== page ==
A Texas woman has filed a lawsuit against her former employer, alleging that she was retaliated against and ultimately fired for filing sexual harassment complaints about a fellow employee. In her employment records, the woman’s former employer claims that she refused to perform her assigned work. However, the woman claims that she was merely complying with the terms of the government contract under which she was employed.
In her wrongful termination lawsuit, the woman alleges that the sexual harassment began in October 2009 when a male coworker began to make “inappropriate and cruel comments of a sexual nature” which caused her to be very uncomfortable. Specifically, the suit claims, the coworker discussed the woman’s recently-deceased husband and the effect of his death on her sexual activity. The woman soon filed a formal complaint against her coworker.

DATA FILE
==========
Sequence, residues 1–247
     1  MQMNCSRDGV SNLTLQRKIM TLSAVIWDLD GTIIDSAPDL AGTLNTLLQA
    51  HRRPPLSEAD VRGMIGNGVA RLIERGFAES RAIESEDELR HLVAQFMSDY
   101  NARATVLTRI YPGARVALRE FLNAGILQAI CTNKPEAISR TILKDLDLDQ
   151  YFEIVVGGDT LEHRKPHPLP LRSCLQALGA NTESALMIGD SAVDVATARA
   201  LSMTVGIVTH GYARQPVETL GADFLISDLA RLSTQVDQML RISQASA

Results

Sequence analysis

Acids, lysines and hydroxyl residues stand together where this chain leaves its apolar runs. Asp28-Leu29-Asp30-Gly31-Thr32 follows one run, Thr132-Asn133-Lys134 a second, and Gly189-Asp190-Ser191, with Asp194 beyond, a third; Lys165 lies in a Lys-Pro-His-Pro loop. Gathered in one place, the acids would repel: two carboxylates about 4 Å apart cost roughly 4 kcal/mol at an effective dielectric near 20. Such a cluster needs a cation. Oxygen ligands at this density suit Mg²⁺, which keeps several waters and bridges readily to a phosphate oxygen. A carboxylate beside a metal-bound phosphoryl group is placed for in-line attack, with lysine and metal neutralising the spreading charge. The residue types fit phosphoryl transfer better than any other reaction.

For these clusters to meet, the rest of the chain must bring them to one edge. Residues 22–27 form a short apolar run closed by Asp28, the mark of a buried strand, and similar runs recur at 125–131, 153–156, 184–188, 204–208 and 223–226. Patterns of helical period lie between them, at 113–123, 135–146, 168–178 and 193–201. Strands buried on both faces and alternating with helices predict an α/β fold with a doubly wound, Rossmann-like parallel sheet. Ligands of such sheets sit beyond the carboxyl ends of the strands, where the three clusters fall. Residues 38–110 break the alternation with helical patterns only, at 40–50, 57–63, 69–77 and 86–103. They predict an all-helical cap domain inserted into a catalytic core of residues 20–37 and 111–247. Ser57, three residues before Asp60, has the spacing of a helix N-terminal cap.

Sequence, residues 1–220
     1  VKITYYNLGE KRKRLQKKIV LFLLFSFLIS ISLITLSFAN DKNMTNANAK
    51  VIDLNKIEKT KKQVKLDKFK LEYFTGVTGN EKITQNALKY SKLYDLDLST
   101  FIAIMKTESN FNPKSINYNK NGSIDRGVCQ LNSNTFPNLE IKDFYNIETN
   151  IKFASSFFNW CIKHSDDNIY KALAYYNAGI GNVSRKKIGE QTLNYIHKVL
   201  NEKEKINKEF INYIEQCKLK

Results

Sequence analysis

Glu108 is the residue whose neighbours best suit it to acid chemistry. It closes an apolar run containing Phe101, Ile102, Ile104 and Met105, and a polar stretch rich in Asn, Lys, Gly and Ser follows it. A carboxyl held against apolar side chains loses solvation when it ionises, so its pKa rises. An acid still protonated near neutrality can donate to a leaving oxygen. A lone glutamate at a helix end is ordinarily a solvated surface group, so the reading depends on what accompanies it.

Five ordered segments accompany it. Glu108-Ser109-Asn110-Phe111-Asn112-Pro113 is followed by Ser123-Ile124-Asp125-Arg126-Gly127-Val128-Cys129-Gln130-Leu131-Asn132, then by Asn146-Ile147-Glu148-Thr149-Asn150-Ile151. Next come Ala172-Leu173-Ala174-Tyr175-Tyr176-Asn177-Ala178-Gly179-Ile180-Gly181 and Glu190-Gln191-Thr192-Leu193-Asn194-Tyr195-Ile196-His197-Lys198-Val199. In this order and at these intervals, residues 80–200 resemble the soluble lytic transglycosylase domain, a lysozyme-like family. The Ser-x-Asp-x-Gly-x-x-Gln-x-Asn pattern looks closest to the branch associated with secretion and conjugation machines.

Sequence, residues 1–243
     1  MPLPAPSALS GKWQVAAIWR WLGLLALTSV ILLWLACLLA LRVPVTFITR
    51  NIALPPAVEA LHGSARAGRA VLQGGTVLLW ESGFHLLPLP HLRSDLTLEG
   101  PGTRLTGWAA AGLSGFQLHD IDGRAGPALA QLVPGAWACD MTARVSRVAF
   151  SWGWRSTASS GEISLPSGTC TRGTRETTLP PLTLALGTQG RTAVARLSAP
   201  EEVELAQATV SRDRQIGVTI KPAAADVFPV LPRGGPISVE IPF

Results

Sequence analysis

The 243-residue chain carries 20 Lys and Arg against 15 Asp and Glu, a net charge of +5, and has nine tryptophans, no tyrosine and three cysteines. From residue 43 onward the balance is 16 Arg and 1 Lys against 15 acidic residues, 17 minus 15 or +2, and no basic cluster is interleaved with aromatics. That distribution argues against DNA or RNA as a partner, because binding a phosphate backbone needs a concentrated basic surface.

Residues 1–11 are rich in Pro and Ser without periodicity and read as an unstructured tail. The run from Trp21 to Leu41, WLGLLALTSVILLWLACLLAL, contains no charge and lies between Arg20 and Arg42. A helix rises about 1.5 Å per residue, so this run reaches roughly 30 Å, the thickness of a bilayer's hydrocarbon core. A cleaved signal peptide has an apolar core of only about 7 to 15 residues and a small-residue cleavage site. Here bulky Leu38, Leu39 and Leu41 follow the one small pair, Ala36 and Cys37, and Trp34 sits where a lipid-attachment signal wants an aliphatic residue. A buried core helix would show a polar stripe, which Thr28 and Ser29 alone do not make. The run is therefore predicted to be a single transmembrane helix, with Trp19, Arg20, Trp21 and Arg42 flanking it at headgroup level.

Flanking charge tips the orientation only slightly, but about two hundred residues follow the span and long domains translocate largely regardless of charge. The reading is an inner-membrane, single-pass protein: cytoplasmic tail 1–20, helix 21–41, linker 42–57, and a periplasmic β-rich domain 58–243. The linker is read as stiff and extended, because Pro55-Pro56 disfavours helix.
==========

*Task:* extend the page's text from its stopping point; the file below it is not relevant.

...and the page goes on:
After the complaint was made, the woman’s employer, a government contracting agency, launched an internal investigation into her coworker’s alleged harassment. At the same time, she began experiencing retaliation for making the complaint.
The employment lawsuit claims that a friend of her coworker was assigned to supervise her work. That friend reported that that the woman was “resistant to change” and that she “refused to perform certain types of work.” Those claims ultimately led to the woman’s firing. Prior to the end of her employment, the woman claims, she continued to be harassed by her coworkers.
The coworker that initially harassed the woman was not named as a defendant in the suit. It is not known whether he was penalized for the sexual harassment.
Source: The Southeast Texas Record, “Suit: Woman retaliated against for complaints about ‘uncomfortable’ comments,” John Suayan, Nov. 2, 2012